The Evolution Of NBA Live (1995-2019)
Editor in Chief
Aka VincentDa & RedApples fka Expiredpineapples. My alter-ego is a digital-marketing guy in Houston. Won editing awards & created obsolete flash websites that have been featured in mags like Sports Illustrated. Studied film & women at FSU during the golden age of hip-hop. Collects records, laserdiscs, sports memorabilia & toys. Father of 2 daughters that are more athletic and popular on YouTube.
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F**k you Jesus Bynum! NBA Live is not only still alive after you put it in a three-year coma, but EA Sports still believes it can compete with NBA2K and eventually take back the crown it wore for over a decade.
The Live franchise became known in 1994 but was born a half a decade earlier, in 1989, when EA released Lakers VS Celtics, the first game in their NBA Playoffs trilogy (Bulls vs Lakers and Bulls vs Blazers followed).
In 1993, they refreshed the series by calling it NBA Showdown, which was overshadowed by the 2-on-2 arcade classic NBA Jam, a NBA version of the underrated classic Arch Rivals.
A year later, right before Halloween, EA treated us to one of the greatest basketball games ever: NBA Live 95. After 15 years (going back to the Atari days) of basketball games with the same side angle, Live 95 used a 30-degree camera angle that felt as fresh and groundbreaking as the young Orlando Magic team with game-changer Penny Hardaway and backboard-breaking Shaquille O’Neal. The one issue with this game, and all games around this time, was M.I.A. MJ, who owned his name and image and would only license it out for trash games like Chaos In The Windy City. EA’s solution came in Live 96 with the option to create and name your own player; This allowed me to sub Nick Anderson, Dennis Scott and Horace Grant with myself, Michael Jordan and Chris Webber.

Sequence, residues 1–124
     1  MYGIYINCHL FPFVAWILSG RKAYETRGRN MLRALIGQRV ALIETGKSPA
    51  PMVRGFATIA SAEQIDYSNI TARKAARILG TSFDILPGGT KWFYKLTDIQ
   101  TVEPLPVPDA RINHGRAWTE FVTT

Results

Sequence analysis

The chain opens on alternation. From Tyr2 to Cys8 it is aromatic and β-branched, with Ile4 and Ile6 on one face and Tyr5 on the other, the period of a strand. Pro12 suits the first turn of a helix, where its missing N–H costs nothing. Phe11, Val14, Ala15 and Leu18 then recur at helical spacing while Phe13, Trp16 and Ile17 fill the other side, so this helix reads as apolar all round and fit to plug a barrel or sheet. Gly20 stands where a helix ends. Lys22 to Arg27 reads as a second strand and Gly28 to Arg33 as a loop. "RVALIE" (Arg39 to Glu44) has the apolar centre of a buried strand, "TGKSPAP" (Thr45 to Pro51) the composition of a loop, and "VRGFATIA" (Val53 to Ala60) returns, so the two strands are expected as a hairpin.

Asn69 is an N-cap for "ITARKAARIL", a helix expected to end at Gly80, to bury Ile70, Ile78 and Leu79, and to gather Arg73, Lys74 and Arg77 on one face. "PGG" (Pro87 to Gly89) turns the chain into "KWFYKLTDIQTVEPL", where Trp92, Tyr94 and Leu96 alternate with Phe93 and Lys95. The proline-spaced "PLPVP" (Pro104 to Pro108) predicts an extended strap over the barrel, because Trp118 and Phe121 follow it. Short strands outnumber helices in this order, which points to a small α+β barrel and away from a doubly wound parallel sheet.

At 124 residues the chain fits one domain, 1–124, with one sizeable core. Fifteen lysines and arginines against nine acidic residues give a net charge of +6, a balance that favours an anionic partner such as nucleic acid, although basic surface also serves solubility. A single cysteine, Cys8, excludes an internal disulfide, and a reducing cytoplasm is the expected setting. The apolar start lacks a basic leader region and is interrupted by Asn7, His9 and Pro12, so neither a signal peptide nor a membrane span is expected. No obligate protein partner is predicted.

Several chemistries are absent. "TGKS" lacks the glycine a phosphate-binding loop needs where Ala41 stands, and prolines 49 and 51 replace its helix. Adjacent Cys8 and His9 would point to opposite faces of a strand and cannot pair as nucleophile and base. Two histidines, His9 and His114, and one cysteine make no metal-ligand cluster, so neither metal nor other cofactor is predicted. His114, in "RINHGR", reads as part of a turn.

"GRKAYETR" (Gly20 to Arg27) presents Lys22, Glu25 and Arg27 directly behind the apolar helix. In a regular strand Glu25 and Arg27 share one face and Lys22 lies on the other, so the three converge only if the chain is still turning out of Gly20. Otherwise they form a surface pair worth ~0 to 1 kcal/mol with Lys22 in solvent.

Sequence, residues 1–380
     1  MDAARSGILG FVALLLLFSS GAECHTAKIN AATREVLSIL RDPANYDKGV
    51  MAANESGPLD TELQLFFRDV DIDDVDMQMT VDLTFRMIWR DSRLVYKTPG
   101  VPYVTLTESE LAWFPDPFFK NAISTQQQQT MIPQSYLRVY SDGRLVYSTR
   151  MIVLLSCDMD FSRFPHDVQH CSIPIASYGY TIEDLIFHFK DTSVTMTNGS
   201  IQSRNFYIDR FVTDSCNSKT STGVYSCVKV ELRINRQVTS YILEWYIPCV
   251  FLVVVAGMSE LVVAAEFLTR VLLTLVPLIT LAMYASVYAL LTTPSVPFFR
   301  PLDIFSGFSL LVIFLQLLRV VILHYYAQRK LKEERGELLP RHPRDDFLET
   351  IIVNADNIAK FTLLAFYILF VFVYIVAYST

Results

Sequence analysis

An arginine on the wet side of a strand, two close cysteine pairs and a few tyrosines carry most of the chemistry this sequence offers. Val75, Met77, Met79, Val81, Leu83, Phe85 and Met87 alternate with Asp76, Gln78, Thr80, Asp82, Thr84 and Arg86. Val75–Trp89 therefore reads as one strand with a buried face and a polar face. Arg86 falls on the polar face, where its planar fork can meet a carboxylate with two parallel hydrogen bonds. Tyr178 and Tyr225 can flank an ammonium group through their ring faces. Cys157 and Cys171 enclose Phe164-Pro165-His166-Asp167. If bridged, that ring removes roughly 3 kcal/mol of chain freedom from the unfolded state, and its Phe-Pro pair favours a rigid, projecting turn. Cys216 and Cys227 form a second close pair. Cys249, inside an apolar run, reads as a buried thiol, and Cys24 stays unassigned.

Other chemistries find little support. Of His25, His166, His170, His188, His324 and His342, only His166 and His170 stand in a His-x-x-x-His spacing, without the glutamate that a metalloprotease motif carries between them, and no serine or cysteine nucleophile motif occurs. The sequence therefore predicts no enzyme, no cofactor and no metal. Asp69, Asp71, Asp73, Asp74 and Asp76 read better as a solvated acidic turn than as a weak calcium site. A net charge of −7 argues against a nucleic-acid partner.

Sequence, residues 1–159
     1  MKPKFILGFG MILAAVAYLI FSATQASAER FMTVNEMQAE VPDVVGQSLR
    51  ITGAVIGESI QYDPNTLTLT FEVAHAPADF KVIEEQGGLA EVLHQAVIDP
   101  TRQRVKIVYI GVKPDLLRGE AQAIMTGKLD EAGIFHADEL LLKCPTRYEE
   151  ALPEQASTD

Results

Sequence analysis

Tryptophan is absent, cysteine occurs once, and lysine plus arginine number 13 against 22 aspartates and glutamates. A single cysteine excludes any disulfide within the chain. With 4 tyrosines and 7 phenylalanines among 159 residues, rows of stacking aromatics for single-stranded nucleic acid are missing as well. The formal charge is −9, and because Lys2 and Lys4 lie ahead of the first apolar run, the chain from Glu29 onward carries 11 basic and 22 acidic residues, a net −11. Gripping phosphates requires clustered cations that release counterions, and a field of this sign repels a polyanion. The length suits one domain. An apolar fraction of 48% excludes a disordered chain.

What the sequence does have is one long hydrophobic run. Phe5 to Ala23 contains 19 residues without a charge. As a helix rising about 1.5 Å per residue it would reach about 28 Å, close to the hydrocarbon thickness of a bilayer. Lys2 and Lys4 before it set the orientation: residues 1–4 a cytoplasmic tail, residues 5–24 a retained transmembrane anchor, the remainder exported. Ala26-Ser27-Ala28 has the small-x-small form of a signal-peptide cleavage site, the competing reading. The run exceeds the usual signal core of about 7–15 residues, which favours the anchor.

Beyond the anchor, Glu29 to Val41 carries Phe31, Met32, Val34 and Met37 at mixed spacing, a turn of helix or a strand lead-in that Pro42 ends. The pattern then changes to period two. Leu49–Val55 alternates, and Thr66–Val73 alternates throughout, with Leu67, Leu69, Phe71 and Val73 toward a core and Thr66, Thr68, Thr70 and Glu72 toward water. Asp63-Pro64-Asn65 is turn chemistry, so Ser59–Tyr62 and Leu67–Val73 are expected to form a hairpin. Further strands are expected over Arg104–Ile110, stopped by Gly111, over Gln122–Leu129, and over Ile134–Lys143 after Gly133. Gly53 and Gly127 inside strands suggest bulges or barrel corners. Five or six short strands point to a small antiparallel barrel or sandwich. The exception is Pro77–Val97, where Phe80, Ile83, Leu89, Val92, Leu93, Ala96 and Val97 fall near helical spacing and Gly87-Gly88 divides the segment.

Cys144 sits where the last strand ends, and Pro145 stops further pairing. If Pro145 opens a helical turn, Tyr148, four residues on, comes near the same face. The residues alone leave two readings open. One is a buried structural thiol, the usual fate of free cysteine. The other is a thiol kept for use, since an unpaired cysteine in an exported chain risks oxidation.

Over the following decade, the franchise continued to reign as it introduced features such as practice mode (99), Legend All-Star teams (2000) and freestyle Air (2005). During that time, we saw a lot of new competing franchises emerge: 2K/ESPN, Ballers, Courside, Inside Drive and Shootout.
In 2010, EA decided it was time for another refresh and called their upcoming release NBA Elite 11. With Kevin Durant on the cover and Steph Curry and Brandon Jennings pushing the product, which was introducing new controls and a career mode like their “Superstar Mode” in the Madden NFL games, the game looked like a guarantee hit. Then the demos were released. Online reviews of the demos plagued by bugs and the legend that is Jesus Bynum led to the cancellation of the game and the start of a three-year coma that ended with Kyrie Irving showing his face on the cover of NBA Live 14.
During that coma, sealed copies of Elite 11 have surfaced on Ebay with a $10,000 price tag. Copies with the promotional display box (like mine below) often sell between $2,000-$5,000.
NBA LIVE 19 VS NBA2K19
So here we are, four years and four games later, and not only is Live still alive but a lot healthier than most 2K fans want to admit.
Here’s a couple Live vs 2K comparison videos, followed by a compilation video showcasing EA Sports commercials between 1993 to 1999.
EA SPORTS HISTORICAL COMMERCIAL REEL (93-99)
And here’s a photo of my copies of the EA basketball games of the 90s.
NBA Live in the 90s! pic.twitter.com/GNRwieFQk5
— David Astramskas (@redapples) September 11, 2018
THE RETURN OF BYNUM
Speaking of Jesus Bynum and resurrections, guess who is back in the gym and looking to play in the NBA after a four-year absence?
Andrew Bynum preparing for a NBA comeback!
— Ballislife.com (@Ballislife) September 9, 2018